SADOW: Politicized Louisiana Coastal Report Needs Reworking

Hopefully at the conclusion of the public comment period that ends Mar. 25, the Democrat Gov. John Bel Edwards Administration will take seriously submissions and make the corrections appertaining to these that point out the anti-science aspects within the proposed Coastal Master Plan that risk of misspending billions of dollars.

Every five years (six actually in this case) Louisiana has committed to modifying the course it charts to shape the state’s coastline. In this task among other things, the state wants to put in place physical alterations that designed to preserve the coast that will ameliorate its disappearance, flooding, and adverse cultural and commercial impacts. The plan anticipates spending $50 billion split between restoration and risk reduction over the next half-century.

Unfortunately, politics has intruded upon the effort, with junk science accepted into the document’s core assumptions that postulates catastrophic anthropogenic global warming will cause environmental alterations that trigger massive changes to Earth’s geoforms. Following politically fashionable trendiness, the last, 2017 effort suffered from this primarily in its wild overestimation of eustatic sea level rise that in the course of its formation went, when compared to the actual data, from a high and improbable standard to one essentially unreasonable.

Cribbing off of models rather than observations, the 2017 report presented three scenarios that ranged from (in 2023 metrics computed for change since 2017) a rise of 460cm to 900cm over 50 years. The 2023 report did the same but reduced these to two, creating a range of 490cm to 770cm. This attenuation, which took as the low a midrange assessment from the menu of the writers’ choices and the high as one of the highest, still varies dramatically from the historical record and, most crucially, with the recent portion of that.

As it is, sea level rise has occurred at a constant and relatively slow rate as far back as measurements go (mid-19th century for the oldest and at over a dozen sites since the 20th century), a rate of about 210 to 330cm a century depending upon location. Further, following climate alarmists’ theory that because carbon dioxide output has increased so dramatically in the past few decades that the rate should accelerate, no such meaningful trend has emerged. In fact, assuming that the trend prior to 1950 was natural and that the following increase in the trend since 1950 was entirely due to humans, that computes to a human influence of only about 90cm a century, calling into serious question validity of the models behind the forecasts used.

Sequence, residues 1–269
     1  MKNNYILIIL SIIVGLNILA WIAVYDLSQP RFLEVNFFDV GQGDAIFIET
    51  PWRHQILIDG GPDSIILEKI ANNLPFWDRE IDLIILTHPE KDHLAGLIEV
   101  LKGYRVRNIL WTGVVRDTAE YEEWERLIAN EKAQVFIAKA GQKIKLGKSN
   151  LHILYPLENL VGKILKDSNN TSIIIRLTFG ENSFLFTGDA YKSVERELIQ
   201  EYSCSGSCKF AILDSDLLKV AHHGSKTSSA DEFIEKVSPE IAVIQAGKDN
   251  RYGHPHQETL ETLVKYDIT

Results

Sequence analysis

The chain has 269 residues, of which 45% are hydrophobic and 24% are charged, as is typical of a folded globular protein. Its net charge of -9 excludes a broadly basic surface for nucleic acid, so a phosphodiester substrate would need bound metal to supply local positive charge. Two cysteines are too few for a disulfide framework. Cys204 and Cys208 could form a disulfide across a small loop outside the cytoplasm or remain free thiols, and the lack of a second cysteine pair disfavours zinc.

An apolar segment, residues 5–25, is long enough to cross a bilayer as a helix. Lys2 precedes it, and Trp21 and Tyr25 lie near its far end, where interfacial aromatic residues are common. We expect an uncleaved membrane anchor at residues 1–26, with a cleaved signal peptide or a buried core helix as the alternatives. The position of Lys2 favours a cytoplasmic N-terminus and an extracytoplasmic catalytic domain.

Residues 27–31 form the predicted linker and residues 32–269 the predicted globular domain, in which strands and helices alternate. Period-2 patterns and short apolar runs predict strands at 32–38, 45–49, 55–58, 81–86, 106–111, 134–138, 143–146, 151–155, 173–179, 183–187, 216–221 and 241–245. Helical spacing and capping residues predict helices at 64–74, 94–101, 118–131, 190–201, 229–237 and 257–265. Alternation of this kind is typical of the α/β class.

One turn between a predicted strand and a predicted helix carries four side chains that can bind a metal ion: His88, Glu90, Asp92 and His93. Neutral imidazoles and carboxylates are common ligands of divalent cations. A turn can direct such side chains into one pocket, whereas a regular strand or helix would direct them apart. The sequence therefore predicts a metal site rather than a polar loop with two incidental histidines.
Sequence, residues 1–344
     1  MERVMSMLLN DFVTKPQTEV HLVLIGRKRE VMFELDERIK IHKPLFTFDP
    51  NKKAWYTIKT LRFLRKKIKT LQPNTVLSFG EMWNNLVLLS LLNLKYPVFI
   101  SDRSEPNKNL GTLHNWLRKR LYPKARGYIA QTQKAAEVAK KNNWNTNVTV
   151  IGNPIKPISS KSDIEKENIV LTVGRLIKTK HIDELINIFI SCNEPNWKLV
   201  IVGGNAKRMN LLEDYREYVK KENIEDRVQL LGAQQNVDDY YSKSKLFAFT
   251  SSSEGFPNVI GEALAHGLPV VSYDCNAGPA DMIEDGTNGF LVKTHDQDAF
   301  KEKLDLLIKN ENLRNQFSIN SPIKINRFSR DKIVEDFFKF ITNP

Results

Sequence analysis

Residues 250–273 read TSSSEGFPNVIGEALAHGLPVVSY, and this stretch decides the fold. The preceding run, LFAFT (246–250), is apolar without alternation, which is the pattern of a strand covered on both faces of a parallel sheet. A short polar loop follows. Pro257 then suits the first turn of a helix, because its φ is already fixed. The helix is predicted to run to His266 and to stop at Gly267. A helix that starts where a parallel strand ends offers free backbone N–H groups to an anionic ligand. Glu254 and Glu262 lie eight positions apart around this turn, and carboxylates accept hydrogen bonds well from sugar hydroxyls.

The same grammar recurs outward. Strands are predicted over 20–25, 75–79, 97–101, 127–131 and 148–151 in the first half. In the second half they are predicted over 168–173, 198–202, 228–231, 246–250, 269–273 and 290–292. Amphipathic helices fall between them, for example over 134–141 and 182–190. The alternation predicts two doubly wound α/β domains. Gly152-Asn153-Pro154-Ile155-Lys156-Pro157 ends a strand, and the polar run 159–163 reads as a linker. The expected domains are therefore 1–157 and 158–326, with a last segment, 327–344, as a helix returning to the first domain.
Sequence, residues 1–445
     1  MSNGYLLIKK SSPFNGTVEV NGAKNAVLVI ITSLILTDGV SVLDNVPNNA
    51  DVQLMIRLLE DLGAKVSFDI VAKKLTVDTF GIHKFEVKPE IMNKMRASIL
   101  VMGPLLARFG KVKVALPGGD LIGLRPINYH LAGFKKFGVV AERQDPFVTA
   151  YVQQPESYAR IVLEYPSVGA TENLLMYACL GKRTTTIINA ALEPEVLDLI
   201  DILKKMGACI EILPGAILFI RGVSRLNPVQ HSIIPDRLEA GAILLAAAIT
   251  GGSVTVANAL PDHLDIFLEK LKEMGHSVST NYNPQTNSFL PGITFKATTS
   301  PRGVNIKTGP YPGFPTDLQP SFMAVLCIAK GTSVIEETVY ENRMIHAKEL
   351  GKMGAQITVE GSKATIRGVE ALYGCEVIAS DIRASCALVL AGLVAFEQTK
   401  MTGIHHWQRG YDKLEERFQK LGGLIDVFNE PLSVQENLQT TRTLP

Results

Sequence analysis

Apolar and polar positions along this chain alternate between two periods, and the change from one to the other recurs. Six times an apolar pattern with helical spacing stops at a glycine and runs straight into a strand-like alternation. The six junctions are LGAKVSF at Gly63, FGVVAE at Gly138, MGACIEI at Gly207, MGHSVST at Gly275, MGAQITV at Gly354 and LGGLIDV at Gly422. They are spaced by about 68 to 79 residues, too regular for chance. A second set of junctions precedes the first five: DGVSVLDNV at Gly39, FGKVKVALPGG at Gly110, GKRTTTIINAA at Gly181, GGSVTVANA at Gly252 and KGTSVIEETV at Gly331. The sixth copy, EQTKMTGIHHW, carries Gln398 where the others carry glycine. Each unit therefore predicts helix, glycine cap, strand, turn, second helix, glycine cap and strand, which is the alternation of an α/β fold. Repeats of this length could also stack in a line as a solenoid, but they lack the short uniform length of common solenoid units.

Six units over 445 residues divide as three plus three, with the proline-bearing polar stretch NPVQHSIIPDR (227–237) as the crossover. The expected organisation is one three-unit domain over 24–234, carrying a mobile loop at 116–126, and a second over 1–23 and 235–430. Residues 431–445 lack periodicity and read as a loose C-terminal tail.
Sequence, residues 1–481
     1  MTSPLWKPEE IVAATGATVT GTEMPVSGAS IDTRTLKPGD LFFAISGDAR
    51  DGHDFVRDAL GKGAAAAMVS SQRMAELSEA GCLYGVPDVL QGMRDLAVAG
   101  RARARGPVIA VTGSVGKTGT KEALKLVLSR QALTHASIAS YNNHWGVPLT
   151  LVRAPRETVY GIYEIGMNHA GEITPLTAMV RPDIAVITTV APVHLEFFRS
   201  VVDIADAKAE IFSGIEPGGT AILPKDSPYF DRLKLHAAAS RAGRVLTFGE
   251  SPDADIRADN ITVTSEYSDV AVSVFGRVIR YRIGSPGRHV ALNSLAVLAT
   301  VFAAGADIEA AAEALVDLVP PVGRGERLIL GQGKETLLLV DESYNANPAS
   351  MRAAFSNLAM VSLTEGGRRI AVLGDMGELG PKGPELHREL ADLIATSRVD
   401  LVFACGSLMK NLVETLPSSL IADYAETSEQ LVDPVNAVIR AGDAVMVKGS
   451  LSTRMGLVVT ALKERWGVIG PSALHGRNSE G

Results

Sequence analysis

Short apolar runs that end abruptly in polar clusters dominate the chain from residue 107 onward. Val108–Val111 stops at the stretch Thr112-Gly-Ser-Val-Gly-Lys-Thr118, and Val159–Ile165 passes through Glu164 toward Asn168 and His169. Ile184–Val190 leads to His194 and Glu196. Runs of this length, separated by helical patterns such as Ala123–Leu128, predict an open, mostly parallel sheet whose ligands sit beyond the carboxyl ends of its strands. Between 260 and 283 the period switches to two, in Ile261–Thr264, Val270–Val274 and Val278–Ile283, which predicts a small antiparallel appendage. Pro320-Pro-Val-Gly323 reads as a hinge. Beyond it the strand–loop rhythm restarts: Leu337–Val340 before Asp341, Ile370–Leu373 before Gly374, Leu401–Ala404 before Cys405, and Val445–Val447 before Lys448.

These observations suggest that the report authors should have used their lowest of the 18 forecasts, or 200 cm, which even then would be about double both the historical trend and that of the last seven decades. Instead, ideologically-induced hysteria appears to have taken precedence by setting a minimum about two-and-half times higher than warranted.

This has potentially expensive real-life policy consequences. If way overestimating SLR, money could be steered to unnecessary projects or unduly aggrandizing them to protect against an SLR highly unlikely to manifest. It also could affect the balance of spending, where fewer dollars need to go to risk reduction and more to restoration.

Citizens would be best served by reanalyzing project options on the basis of a science-driven estimate of SLR, not the antithetical versions at present on which the plan is based. That may take time, but such care is necessary to reduce the risks to property and lives about which the current version is reckless.



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